December 28, 2017
Most leaders would claim that they want high-performing teams but many of them don’t know what it takes to create them. In some cases, leaders actually behave in ways that undermine high performing teams.
How do you create High-Performance Teams? More specifically, how do you create high-performing teams from your current employees?
You might be tempted to say if I had an unlimited budget, this would be no problem. You would simply pay them more money or give them generous bonuses. We know from numerous studies that traditional carrot and stick thinking doesn’t motivate people.
And when I say create above, I mean build, develop, and nurture high performing teams. I purposely don’t say “drive a high-performance team”, or “motivate a high-performance team”.
I am not sure either of those is possible or desirable. The most effective long-term strategy for high-performance is to create the conditions for high-performance. What does that mean?
Last year I wrote about the findings of the Aristotle project at Google. Aristotle was a 2-year study of 180 Google teams with the goal of trying to determine what leads to high-performance. Google identified the following five key factors as key to creating high-performing teams:
Psychological safety is what the team members feel about taking risks, making mistakes speaking up, and doing what they think is right without feeling insecure or embarrassed.
Dependability is the trust that they have in each other to do high-quality work and deliver on time.
High performing teams have clarity in terms of the goals, and structure in terms of roles and the plans to execute and accomplish those goals.
Like the findings of Dan Pink in Drive, Google found that higher performance is tied to a personal connection to the purpose of the work.
Team members on high performing teams feel that the work they are doing is important, and have a clear line of sight to how their work contributes to the success of the organization.
Of these factors, I think that psychological safety is the one that is most frequently overlooked. And perhaps it is the easiest for leaders to control. The rest of this post is going to provide more detail on psychological safety, explore the benefits, and then provide some action steps for leaders.
The term psychological safety was actually coined by Amy Edmondson, a professor at Harvard’s Business School. She has written extensively on the topic and recorded several videos (this was one that I liked). Amy talks a lot about the safety factor directly affecting team learning or “adjusting to its surrounding through outwardly sharing observations about their environment”.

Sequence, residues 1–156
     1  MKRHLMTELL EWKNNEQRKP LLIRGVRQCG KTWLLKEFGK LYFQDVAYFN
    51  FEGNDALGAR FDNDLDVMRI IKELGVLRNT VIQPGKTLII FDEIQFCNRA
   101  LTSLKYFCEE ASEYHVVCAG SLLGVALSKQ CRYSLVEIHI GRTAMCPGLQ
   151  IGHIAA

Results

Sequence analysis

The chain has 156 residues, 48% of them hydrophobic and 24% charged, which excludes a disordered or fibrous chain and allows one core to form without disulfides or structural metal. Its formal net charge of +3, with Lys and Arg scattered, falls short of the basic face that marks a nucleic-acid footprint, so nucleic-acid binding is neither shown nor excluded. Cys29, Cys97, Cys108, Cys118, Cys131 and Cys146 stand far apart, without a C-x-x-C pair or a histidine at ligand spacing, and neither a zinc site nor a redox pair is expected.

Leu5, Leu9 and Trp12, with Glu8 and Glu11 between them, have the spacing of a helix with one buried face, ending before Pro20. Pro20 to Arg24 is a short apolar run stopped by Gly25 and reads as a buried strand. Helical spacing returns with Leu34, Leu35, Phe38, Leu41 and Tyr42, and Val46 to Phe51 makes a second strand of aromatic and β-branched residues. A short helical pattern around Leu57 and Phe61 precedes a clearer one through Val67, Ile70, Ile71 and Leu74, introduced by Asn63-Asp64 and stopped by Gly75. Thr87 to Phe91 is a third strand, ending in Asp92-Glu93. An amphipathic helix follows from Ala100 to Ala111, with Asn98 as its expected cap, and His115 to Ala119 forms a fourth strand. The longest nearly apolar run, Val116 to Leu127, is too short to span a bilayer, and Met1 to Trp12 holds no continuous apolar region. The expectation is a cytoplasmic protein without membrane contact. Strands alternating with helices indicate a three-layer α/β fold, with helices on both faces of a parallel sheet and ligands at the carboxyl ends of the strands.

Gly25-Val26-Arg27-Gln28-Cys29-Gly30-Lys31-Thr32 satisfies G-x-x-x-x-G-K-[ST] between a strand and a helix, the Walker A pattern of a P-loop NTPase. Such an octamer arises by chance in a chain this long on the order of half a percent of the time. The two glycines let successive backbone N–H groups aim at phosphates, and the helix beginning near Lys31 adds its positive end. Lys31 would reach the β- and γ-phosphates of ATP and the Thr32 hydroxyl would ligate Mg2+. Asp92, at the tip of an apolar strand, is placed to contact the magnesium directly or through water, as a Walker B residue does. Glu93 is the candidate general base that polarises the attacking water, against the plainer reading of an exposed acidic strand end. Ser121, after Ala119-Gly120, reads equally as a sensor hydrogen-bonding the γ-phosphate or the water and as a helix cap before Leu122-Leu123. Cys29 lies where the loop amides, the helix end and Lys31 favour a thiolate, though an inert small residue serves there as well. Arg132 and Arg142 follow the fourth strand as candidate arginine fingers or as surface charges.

When I first saw the research from Google, I didn’t pay too much attention to psychological safety. In fact, based on the article, I didn’t fully appreciate the potential cost of lack of safety.
But since then, I have had the chance to observe some teams who are suffering because of a lack of psychological safety. It is painful to watch. Some of the costs are:
In addition to these costs, lack of psychological safety could have significant costs in terms of loss of life. Most Agile teams don’t have to worry about life and death, but some of the teams that Amy Edmondson worked with had to consider life-threatening situations:
Thankfully, most Agile teams are not dealing with human lives. But lacking safety, teams may become more focused on how things look – Impression Management. They spend time trying to determine which way the wind is blowing to look good or avoid punishment.
When people don’t speak up and engage fully, we miss out. We don’t get all the ideas. We don’t have a constructive disagreement; that clash of ideas that brings out the best.
We don’t have voices that counter groupthink. And we miss out on people taking risks – like the quiet but brilliant person who has a great idea but doesn’t share it with the team.
I know for me personally, I feel the effects of an environment where safety doesn’t exist. I feel stressed. I am not at my best.
It would be great if we could directly measure psychological safety.
While that is not currently possible, You can use the seven questions that Amy Edmondson developed to determine safety of your team.
Whether or not you measure it, you can certainly tell whether it exists in the organization or not. You can look at how people are rewarded and punished.
When working with teams, I often observe whether people feel the freedom to speak up, take risks, or engage fully. When safety isn’t present, a team member will frequently look to someone else on the team to answer questions. Or, a team member will feel it is necessary to explain to me what someone else feels.
Interestingly, both Scrum and Extreme Programming (XP) incorporated values related to safety. Both frameworks include “Courage” as a value. Scrum goes further and includes openness.
Courage and Openness both relate directly to safety. Teams need to be open about their work, their results, their mistakes, and what they learned. That takes courage.
Some managers understand the concept but hesitate because they fear being “too soft” on people: